You could go to jail, even if you don’t mean it…a quote from the 1993 hit political thriller ‘In The Line Of Fire’ as secret service agent Frank Horrigan played by Clint Eastwood warns would-be assassin John Malkovich’s Mitch Leary after the latter announces his intention to assassinate the President of the United States.
Clearly the security of the American President is of such importance that it cannot be trivialised in jest or humor. So, if such reverence is accorded to the safety and security of the big man in the White House to the extent that one cannot even joke about it, why do Seth Rogen and James Franco feel that making a comedy about the assassination of a foreign leader like North Korean president, Kim Jong-un, constitutes entertainment that can be filed under the freedom of expression cabinet? The issue of humour and satire can also be filed under the concept of cultural relativism. It however becomes cultural imperialism when one side imposes its understanding of humour on the other.
Rogen and Franco may find their movie’s storyline less humorous if the character at the end of their satirical jab was the President of the United States or the Prime Minister of Canada which has been registered as the official homeland of Seth Rogen. Freedom of expression and the right to free speech may have their merits as long as they remain restricted to personalities, characters and events indigenous to a particular geographical locality.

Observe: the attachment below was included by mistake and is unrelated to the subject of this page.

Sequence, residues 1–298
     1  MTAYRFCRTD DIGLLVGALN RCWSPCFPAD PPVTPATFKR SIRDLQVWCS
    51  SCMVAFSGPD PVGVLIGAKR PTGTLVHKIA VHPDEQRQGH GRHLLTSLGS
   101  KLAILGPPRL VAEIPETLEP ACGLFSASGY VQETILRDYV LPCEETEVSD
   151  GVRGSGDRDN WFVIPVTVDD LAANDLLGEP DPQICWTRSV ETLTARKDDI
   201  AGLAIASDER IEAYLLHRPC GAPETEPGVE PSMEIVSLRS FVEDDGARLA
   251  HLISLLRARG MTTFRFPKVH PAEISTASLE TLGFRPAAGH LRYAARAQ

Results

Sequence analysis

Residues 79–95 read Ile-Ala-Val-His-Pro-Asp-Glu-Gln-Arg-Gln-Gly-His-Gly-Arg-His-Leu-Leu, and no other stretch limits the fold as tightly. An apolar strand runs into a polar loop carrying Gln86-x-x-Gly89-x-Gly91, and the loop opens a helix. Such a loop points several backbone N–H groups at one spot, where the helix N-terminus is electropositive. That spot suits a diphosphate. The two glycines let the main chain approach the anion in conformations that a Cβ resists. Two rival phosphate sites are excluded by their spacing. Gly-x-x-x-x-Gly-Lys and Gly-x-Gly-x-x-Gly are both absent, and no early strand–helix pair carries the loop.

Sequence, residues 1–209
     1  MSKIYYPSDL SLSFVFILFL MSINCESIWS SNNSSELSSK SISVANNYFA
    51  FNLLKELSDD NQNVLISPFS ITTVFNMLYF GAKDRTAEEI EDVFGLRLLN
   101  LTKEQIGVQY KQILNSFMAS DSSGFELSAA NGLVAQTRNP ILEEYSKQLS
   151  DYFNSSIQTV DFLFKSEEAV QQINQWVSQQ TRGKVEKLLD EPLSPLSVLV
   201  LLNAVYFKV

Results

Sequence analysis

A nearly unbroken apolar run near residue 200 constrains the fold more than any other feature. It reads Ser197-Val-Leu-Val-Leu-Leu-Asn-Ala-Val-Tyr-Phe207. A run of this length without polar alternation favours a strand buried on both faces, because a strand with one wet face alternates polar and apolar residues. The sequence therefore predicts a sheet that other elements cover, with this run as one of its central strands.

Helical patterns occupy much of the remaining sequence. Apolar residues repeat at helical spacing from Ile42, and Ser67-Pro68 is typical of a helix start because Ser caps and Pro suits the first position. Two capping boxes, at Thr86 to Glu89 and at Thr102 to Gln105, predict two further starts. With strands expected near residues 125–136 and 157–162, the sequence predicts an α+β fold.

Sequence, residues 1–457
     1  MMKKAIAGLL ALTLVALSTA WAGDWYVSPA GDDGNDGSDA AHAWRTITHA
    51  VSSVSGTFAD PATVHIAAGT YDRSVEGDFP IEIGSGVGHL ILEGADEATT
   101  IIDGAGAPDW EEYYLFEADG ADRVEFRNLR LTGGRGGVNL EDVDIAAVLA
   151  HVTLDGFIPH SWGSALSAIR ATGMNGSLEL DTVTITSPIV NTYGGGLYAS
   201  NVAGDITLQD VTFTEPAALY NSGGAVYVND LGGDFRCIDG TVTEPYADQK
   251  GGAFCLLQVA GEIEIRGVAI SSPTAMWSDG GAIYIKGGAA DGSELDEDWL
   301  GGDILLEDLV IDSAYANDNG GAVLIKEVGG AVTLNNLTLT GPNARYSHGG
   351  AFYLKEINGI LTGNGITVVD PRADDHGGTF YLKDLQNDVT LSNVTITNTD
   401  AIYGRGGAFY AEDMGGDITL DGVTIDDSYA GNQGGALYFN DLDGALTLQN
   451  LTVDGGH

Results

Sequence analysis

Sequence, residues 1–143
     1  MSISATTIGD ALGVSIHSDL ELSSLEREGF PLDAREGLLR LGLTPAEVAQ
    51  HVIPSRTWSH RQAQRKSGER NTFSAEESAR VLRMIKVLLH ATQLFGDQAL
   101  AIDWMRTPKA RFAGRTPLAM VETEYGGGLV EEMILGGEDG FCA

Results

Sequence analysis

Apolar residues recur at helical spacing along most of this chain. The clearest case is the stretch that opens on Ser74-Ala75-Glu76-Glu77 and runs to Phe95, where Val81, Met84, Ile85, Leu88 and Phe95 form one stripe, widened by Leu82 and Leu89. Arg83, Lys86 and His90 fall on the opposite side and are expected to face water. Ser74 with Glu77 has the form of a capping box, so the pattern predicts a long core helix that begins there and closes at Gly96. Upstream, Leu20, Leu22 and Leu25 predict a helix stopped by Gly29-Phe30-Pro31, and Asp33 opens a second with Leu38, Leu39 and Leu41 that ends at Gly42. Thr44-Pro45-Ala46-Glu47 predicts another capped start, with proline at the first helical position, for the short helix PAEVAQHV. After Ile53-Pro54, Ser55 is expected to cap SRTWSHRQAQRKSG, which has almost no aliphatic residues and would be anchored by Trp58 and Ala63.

A North Korean cannot make a movie inciting violence against the White House and call it a right to free speech. It is likely to be construed as an act of provocation. A lot of attention has been given to the Paris massacre which took away the lives of cartoonists at the Charlie Hebdo magazine.
The events were indeed tragic and the arguments sanctifying free speech and freedom of expression that have followed the shootings have been splendid and inspiring but is anybody wondering why the western media does not make it a habit of satirizing tragic events such as the holocaust or 9/11?
Obviously certain subject matters are sacred and are therefore inappropriate for ridicule.
The sensibilities of Western journalists may permit the parody of foreign cultural elements that have no meaning to the west, but that does not mitigate the sensitive nature of these subject matters. Clearly there is a western media fallacy, which presumes that the rest of the world embraces the West’s version of humour. Care must be taken not to confuse a joke with an insult and entertainment with disrespect.
The fact that Charlie Hebdo won’t make cartoons about the Holocaust nor would an American director joke about the assassination of his President shows that as sacred as freedom of expression may be it still has its limits.
Humour is culturally relative, what the French reader regards as funny could be offensive to a non-French.
The satirist therefore becomes more effective and responsible when he limits his satire to a specific cultural milieu endeavoring to render satirical humor more suitable and less harmful. Resorting to killing, torture or physical harm to make a point, on the other hand, is a cowardly act perpetrated by the most despicable of men.
By William Manful]]>